1. Wreybies
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    Wreybies The Ops Pops Operations Manager Staff Contest Administrator Supporter Contributor

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    Of "The Lovers", who to pick as the true main character...

    Discussion in 'Erotica' started by Wreybies, Dec 16, 2013.

    @obsidian_cicatrix, you've been the most involved in helping me hash out my story here in the forum, so I seek an opinion from you and from anyone else who may have read my excerpts so far. As the reader, were the choice to fall to you of who is the main character, the main focus, the person through whose eyes we most look while participating in the story, would your preference be Brena or Devin? Don't feel restrained by the idea that it's an opinion and you wouldn't wish to sway me and all that.
     
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  2. obsidian_cicatrix
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    obsidian_cicatrix I ink, therefore I am. Contributor

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    This'll be a bit brief as I'm heading out to my works Xmas do. I've given the matter some thought already. From what I've read, I like them both but for different reasons. Most of my interest in Brena comes from his family situation. Deavon, on the other hand interests me because he hasn't had the upbringing Brena has.

    Personally, I'd like it to be Deavon, simply because I think his viewpoint is more fascinating for me. The whole 'fish out of water' element appeals. I think seeing the majority through his POV would be more compelling than the other way around.

    That's just my gut feeling on what I've read so far. Brena already fascinates me—I'd like to see more of him from Deavon's point of view. He's more of an everyman despite his 'talent.' Access to his thoughts would make me feel more like I was in situ than the other way around.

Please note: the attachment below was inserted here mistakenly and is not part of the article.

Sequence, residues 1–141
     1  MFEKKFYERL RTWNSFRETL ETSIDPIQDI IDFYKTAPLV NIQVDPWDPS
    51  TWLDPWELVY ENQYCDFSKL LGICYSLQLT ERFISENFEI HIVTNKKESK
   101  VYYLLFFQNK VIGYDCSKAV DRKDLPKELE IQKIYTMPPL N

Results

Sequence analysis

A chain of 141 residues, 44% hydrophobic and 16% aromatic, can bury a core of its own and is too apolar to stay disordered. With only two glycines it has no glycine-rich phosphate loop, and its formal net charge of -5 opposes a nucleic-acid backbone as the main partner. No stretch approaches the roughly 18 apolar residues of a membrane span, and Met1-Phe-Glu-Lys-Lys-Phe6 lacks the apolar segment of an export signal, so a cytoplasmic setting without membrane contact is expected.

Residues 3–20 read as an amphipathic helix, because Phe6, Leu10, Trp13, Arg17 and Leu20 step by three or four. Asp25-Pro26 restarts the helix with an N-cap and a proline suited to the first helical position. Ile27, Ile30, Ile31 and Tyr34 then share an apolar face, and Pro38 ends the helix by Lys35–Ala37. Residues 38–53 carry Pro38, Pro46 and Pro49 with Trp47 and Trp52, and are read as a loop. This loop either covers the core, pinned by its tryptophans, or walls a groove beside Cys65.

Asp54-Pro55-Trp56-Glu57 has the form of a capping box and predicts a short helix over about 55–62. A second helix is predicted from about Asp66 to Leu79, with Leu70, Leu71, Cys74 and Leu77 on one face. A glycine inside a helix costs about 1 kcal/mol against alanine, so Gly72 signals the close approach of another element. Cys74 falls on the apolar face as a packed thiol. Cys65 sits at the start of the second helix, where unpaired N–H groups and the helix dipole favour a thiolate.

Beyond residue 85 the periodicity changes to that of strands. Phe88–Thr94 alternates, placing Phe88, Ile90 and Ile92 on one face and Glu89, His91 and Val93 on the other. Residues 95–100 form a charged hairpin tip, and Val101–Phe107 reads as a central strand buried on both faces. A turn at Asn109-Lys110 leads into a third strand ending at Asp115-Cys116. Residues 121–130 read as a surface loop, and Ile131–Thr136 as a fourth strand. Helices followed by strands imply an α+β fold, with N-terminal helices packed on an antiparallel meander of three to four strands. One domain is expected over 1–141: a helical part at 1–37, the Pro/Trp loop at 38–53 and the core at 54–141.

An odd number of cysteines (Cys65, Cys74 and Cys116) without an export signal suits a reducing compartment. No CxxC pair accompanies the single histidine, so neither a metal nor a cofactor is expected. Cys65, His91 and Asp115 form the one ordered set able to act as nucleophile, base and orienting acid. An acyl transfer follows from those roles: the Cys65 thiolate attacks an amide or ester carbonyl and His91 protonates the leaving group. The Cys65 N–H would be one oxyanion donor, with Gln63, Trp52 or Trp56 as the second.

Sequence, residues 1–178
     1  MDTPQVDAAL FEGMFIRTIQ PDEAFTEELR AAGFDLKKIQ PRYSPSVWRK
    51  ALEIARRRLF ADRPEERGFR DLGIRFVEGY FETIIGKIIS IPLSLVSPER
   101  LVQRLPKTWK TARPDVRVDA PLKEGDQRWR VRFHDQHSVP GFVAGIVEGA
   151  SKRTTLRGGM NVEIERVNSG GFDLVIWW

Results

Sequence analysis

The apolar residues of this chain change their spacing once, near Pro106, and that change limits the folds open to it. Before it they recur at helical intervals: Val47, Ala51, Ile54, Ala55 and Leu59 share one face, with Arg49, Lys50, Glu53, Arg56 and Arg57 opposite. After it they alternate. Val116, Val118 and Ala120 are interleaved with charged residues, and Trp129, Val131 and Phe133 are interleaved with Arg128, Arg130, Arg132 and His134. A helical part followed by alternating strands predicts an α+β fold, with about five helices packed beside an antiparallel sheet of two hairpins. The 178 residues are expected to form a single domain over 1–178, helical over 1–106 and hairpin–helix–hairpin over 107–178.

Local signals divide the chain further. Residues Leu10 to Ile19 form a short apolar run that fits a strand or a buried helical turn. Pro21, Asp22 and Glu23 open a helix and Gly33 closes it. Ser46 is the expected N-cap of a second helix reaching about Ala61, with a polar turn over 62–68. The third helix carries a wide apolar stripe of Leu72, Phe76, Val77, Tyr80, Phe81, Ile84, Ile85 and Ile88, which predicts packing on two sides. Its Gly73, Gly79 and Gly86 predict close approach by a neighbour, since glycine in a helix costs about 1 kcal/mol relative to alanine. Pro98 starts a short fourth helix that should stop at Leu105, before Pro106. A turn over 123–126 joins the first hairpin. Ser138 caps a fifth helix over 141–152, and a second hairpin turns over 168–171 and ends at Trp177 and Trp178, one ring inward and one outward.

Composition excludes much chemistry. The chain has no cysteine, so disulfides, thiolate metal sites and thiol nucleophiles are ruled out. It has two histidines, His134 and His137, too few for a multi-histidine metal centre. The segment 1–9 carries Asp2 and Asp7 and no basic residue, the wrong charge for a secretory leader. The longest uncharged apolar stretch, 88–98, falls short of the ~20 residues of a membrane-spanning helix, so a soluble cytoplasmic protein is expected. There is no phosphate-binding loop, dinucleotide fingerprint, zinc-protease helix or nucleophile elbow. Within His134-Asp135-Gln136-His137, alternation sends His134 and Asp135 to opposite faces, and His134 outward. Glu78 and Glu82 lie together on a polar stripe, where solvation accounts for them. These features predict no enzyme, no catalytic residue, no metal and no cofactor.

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  3. Wreybies
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    Wreybies The Ops Pops Operations Manager Staff Contest Administrator Supporter Contributor

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    Thanks, @obsidian_cicatrix. Strangely, the question comes from my development of Amila. As I started reworking the relationship of Devin and Brena, and also wanting to bring Amila's throughline into fuller fruition, I came to realize that having painted Amila as a simple country lass fetching pails of water and trays of food is wrong. If she's what we call in Spanish the ama de llaves, then that's not who she would be at all. She would be a bright, serious, ambitious girl. Petla wouldn't allow a simpering bunny in that role. Petla would chose someone who is unfailing and always has in hand what is about to be asked for. That's who Amila is. I also want Amila to be Brena's confidant, his gal-pal. I want them to be secret best best friends. I want Amila to be devoted to Brena for his kindness to her and for his appreciation of the pride she takes in performing her duties to perfection. I want her to run away with him when Brena decides to follow Devin. She sees it as her duty - in an extended fashion, out from Lady Petla - to watch out for Brena, to protect him.

    All of this made me wonder if my focus should not be on them. But to the flip side, Devin has his counterpart as well, his brother William, who serves as a powerful wheel in the plot vehicle. So, there's been a lot of *do the little scales gesture with your hands* these past few days.

    And if I haven't mentioned it enough, you've helped me greatly with my story. ;) I'm in your debt.
     
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  4. obsidian_cicatrix
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    obsidian_cicatrix I ink, therefore I am. Contributor

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    One of the things I love about the back and forth is that it's like looking in through a window on your creative process. Recently I've been doing much weighing up and down myself, and not just over the little things—major things. (Considering whether I'd benefit from a named narrator for one. Still not sure about it. Problem is, now that I've considered the possibility, the damn idea just won't shift.)